| Handbook of Career Studies
Career Patterns and Organizational Performance
Traditional research on careers examines how organizations and individuals affect career outcomes. This chapter reviews several specific ways in which career histories have been found to influence organizational outcomes. While we incorporate both upper echelons research and insights from other streams of research that bear on senior executive mobility, we also examine emerging research that takes a finer-grained look at careers as patterns of experience that influence organizations and their industries. We suggest several mechanisms that link executive career histories to organizational outcomes: (1) the strategic decision-making process of management teams (affected by the diversity of its members' career backgrounds); (2) the substance or resources that executives carry with them (including human capital, such as international or industry experience, and social capital, such as relationships with potential investors or clients); and (3) the signals that prestigious career histories send to external constituencies, such as potential investors, creditors, and alliance partners. We end the chapter with three directions for future research: studying dynamic career patterns, the influence of key organization members outside a firm's upper echelon, and the symbiotic relationship between careers and organizations.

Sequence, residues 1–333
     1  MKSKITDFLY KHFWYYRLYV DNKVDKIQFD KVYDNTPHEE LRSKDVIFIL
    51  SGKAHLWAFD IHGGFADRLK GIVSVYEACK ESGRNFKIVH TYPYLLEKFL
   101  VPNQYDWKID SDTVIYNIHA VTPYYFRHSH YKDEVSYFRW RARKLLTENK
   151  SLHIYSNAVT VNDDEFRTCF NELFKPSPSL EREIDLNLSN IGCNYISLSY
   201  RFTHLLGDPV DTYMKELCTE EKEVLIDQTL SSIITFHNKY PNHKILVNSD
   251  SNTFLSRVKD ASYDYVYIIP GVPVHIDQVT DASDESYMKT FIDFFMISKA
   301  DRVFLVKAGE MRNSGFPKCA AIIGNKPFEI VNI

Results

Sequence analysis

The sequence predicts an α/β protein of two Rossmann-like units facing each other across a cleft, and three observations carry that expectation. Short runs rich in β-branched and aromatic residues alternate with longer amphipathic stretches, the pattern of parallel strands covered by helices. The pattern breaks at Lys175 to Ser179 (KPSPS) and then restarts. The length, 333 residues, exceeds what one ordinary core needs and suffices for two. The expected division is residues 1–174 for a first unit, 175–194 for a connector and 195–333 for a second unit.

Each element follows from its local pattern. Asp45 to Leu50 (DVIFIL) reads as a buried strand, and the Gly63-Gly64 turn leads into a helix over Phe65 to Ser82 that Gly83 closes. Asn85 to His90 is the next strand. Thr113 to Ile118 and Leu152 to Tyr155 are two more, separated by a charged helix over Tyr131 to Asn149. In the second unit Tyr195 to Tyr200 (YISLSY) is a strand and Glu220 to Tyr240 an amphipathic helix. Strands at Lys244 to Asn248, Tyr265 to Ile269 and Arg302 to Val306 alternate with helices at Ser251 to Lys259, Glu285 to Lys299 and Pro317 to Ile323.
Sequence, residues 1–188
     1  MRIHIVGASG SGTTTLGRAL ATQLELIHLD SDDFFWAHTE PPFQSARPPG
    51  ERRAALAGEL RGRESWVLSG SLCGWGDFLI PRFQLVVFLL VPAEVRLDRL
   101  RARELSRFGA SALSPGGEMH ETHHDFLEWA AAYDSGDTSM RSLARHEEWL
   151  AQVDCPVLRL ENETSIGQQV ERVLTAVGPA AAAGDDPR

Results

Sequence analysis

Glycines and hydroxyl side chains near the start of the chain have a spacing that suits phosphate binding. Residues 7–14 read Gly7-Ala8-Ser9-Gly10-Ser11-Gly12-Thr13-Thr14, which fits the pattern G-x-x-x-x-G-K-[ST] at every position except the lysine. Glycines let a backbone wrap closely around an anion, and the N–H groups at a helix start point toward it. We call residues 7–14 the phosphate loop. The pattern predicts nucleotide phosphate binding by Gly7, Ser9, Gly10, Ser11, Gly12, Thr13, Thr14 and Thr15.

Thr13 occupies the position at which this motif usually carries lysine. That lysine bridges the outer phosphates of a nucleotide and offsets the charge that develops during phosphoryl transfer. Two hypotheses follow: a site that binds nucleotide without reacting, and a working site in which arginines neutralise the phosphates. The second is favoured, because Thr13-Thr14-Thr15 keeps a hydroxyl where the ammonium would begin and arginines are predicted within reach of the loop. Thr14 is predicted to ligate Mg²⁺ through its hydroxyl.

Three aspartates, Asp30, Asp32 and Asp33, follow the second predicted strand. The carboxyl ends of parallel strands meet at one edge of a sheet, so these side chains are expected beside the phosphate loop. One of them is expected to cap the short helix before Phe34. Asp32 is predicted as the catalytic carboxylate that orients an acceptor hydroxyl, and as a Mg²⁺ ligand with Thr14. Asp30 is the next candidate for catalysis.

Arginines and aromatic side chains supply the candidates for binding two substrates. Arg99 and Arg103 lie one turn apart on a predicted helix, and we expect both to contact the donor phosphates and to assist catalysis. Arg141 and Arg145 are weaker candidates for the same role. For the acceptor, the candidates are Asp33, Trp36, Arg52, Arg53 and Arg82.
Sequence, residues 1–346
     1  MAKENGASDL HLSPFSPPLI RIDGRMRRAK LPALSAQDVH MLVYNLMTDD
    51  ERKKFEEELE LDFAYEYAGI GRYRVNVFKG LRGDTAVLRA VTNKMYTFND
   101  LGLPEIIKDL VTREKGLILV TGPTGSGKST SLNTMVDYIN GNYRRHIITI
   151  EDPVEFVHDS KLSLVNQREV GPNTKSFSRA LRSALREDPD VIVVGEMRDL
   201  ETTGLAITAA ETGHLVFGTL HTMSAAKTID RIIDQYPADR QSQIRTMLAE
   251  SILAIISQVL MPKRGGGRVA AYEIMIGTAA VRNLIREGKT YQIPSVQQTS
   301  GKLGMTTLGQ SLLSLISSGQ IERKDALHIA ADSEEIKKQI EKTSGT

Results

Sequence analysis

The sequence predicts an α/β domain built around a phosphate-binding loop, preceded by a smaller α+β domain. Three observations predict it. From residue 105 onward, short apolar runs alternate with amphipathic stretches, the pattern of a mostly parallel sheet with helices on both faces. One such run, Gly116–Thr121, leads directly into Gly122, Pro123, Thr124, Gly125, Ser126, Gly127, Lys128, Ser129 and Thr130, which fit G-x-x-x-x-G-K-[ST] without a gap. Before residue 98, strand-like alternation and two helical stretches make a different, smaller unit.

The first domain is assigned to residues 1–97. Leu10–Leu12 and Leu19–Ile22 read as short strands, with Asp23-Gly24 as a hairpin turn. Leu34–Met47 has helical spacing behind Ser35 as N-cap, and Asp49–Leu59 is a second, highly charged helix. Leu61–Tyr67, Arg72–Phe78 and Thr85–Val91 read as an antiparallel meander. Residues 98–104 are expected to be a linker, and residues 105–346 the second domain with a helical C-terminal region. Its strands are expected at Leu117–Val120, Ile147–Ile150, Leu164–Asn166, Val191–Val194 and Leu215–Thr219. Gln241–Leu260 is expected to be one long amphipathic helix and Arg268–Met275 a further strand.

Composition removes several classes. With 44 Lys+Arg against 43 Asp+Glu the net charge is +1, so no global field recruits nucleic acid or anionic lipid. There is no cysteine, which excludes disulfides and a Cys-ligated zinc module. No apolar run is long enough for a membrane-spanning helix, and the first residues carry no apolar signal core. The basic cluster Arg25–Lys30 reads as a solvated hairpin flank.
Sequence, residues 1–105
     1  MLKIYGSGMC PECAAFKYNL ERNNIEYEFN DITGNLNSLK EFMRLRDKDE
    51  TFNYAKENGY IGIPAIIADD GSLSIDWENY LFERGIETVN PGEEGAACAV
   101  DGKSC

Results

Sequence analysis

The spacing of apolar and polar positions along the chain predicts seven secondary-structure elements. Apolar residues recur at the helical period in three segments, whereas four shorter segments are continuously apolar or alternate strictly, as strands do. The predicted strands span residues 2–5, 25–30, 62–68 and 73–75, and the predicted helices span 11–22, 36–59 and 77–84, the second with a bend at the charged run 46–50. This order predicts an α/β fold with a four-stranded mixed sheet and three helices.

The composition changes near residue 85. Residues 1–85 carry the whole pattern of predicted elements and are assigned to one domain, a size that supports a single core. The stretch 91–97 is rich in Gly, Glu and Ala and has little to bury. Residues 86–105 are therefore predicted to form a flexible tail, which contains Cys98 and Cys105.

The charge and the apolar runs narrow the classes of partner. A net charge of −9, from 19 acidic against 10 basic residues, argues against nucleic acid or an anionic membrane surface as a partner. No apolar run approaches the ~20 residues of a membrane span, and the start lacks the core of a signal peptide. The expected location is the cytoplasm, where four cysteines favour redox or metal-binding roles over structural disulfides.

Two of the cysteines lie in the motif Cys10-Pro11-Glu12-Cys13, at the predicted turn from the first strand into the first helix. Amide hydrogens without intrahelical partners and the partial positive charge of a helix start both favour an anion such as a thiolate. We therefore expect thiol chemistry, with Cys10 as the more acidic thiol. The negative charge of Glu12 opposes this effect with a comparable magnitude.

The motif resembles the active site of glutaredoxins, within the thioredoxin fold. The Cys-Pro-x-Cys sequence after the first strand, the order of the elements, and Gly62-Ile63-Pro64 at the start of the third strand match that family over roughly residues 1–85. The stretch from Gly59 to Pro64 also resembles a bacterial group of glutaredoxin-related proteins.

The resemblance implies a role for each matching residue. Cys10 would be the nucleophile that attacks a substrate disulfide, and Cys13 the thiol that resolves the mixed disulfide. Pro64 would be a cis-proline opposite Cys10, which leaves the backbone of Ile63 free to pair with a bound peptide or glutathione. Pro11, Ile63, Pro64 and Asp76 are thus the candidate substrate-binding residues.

Higgins, Monica C., and James R. Dillon. "Career Patterns and Organizational Performance." Chap. 21 in Handbook of Career Studies, edited by M. Peiperl, and H. Gunz, 422–436. Sage Publications, 2007.